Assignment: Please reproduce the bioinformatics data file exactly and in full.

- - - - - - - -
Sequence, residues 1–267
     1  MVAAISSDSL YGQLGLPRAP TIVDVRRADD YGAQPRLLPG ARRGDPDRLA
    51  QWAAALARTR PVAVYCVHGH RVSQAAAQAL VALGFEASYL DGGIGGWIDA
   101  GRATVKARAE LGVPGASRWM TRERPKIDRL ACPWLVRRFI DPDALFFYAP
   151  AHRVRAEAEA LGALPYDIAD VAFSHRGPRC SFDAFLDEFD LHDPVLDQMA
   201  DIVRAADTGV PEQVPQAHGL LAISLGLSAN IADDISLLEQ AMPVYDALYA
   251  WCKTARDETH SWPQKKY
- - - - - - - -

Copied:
Sequence, residues 1–267
     1  MVAAISSDSL YGQLGLPRAP TIVDVRRADD YGAQPRLLPG ARRGDPDRLA
    51  QWAAALARTR PVAVYCVHGH RVSQAAAQAL VALGFEASYL DGGIGGWIDA
   101  GRATVKARAE LGVPGASRWM TRERPKIDRL ACPWLVRRFI DPDALFFYAP
   151  AHRVRAEAEA LGALPYDIAD VAFSHRGPRC SFDAFLDEFD LHDPVLDQMA
   201  DIVRAADTGV PEQVPQAHGL LAISLGLSAN IADDISLLEQ AMPVYDALYA
   251  WCKTARDETH SWPQKKY